A state of local emergency may have to be declared if the RDEK doesn’t get a quick solution to the South Country’s ongoing water crisis, where local wells and ponds are drying up.
At the RDEK’s (Regional District of East Kootenay) most recent Board of Directors, Rob Gay was given conditional approval to issue a state of local emergency only if it is deemed necessary to expedite approvals needed to fix the water supply crisis in the South Country.
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Properties in Baynes Lake area continue to struggle with decreasing water supply as a local aquifer and sinkhole upstream of the Elko Dam is running dry and not supplying water to the community watershed, needed to fill wells, ponds, and other water bodies.
“The regional district reached out to Water Stewardship to get a permit to go into the back channel to scalp that out, to wet those channels, to put water back into the South Country. We’re hoping for action to get a permit, to go in beside the river to open the channel up,” Stan Doehle told MyEastKootenayNow.com, RDEK Electoral Area B Director. “If we don’t get any action out of that, we’re going to have to declare a local state of emergency because we cannot wait until next – it will be next probably July before they could get a permit to work in there.”
Reviewed and identified by geologists and following chemical water testing, Doehle said sculpting out a back channel upstream of the decommissioned Elko Dam would provide enough water back into the aquifer and sinkhole to supply the South Country with water. Doehle said they are hoping to hear back from Water Stewardship on their proposed permit as early as this week so they can immediately begin surveying the channel and cost out the project.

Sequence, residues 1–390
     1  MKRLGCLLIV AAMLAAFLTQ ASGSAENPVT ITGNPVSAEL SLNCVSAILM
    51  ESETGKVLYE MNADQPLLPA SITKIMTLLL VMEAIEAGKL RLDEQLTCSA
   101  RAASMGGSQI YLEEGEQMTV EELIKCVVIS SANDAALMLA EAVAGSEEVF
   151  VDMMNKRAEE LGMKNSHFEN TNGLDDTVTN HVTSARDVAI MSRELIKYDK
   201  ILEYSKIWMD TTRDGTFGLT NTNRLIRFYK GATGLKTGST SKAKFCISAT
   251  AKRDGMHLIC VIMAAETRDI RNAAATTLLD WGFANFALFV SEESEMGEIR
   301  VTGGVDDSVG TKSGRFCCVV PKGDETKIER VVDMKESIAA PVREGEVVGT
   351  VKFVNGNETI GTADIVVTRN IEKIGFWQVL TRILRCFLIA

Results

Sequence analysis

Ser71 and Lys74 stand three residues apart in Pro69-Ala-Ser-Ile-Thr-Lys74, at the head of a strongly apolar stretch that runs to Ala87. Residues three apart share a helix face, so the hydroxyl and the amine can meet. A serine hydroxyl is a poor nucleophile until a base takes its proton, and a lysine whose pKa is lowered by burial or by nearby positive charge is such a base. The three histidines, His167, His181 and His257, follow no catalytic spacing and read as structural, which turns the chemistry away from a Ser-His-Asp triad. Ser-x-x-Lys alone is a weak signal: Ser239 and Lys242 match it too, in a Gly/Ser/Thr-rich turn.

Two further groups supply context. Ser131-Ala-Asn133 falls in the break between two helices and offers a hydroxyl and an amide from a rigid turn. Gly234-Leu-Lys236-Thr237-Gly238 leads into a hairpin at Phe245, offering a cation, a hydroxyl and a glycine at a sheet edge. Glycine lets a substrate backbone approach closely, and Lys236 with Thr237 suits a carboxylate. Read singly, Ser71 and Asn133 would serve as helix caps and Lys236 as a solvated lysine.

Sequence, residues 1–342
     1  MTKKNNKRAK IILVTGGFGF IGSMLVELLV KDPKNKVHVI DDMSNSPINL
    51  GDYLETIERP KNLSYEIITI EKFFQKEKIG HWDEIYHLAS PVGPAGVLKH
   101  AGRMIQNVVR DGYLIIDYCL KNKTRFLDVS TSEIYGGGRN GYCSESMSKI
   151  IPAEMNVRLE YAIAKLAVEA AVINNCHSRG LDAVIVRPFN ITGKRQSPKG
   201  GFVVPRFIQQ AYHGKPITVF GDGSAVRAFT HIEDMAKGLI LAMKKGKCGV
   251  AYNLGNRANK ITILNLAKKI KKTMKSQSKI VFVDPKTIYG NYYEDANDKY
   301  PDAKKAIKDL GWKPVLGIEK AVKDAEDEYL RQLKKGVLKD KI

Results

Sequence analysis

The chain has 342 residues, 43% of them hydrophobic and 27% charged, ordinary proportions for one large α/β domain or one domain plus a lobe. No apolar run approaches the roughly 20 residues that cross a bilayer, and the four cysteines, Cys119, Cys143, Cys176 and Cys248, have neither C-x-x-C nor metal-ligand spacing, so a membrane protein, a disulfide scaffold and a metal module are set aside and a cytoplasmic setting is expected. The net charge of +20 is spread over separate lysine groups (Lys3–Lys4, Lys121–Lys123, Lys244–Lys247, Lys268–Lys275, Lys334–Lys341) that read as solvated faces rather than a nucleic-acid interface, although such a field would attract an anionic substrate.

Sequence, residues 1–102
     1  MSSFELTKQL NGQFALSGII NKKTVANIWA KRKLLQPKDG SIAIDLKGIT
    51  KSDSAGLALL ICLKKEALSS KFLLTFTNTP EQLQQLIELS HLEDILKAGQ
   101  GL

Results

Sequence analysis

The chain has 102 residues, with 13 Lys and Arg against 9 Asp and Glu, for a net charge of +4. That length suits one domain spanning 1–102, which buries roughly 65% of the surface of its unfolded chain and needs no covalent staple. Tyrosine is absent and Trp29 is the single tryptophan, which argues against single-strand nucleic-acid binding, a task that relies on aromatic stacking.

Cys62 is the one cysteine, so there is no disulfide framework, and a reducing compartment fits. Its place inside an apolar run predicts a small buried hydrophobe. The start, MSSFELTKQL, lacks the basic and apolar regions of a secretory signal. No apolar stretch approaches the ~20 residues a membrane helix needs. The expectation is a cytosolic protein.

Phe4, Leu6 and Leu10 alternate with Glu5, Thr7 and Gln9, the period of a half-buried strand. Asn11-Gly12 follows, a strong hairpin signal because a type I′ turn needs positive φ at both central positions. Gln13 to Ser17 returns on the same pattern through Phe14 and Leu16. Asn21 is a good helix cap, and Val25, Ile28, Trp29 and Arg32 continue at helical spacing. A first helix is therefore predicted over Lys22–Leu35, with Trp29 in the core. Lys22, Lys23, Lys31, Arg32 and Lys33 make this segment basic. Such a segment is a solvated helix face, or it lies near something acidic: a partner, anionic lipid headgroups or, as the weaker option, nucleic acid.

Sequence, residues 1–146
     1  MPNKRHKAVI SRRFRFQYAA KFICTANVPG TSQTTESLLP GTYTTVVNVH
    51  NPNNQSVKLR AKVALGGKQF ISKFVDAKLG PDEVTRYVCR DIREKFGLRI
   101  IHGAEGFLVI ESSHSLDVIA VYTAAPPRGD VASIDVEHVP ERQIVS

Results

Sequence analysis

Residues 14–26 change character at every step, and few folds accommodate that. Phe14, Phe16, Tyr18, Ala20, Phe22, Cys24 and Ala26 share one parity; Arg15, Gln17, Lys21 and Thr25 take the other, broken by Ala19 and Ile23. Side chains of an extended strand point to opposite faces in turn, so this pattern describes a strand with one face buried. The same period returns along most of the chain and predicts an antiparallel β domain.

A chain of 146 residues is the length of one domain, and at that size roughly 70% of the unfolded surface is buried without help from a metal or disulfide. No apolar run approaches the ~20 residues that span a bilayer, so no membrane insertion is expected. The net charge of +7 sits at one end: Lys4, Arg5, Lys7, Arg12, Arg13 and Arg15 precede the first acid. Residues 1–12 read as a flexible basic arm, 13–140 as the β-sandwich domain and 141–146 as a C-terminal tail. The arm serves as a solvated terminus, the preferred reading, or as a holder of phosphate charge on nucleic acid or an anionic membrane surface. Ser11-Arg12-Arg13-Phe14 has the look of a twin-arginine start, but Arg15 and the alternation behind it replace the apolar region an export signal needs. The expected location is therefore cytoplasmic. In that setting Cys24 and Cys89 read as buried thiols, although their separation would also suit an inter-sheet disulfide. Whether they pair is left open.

“The back channel would rectify that problem year-round. There would be water in there flowing into that aquifer. There’s about 20,000 gallons a minute that flows into that aquifer from the sinkhole and it would be great to get away from the reliance on the dam running at 917 metres and it would be a permanent solution.”
About two weeks ago, Doehle said they had a meeting with the now-former B.C. Minister of Mines, Energy, and Petroleum Resources, Bruce Ralston. The ministry was starting to look at the file but then the government was shut down due to the provincial election. The delays are now putting a lot of pressure for something to be down about the “water supply crisis” in the localized region.
“It’s a major emergency on the local wells,” said Doehle, noting the issue affects Canfor Industries, the Elko Sawmill, all the way to the Dairy Bar and into Baynes Lake with 14 wells that are having recharge issues.
“If they have to go through till next summer there they are going to be out of water. Not only that, the local environment around here, the kettle ponds are dried up, Baynes Lake is in a disastrous state, and all the lakes and ponds in Kikomun Creek Provincial Park are in a major state, it’s what we call a disaster, an environmental disaster sitting there.”
The temporary permit given by Water Stewardship was identified as the quickest and most effective way to re-establish the water supply and avert the water supply crisis.
Back when the Elko Dam was constructed, the path of the Elk River was historically changed and deprived the South Country’s aquifer unless the dam maintained an elevation of 917 metres. Since the dam was decommissioned in 2016 due to its age and cost of renovation, the South Country has witnessed receding water levels and record lows throughout Baynes Lake and Elko.
If the permit is not issued by Water Stewardship for the RDEK, it is fully expected that a local state of emergency will be declared to bring further attention to the crisis and advance government work to permanently solve the water supply issues in the area.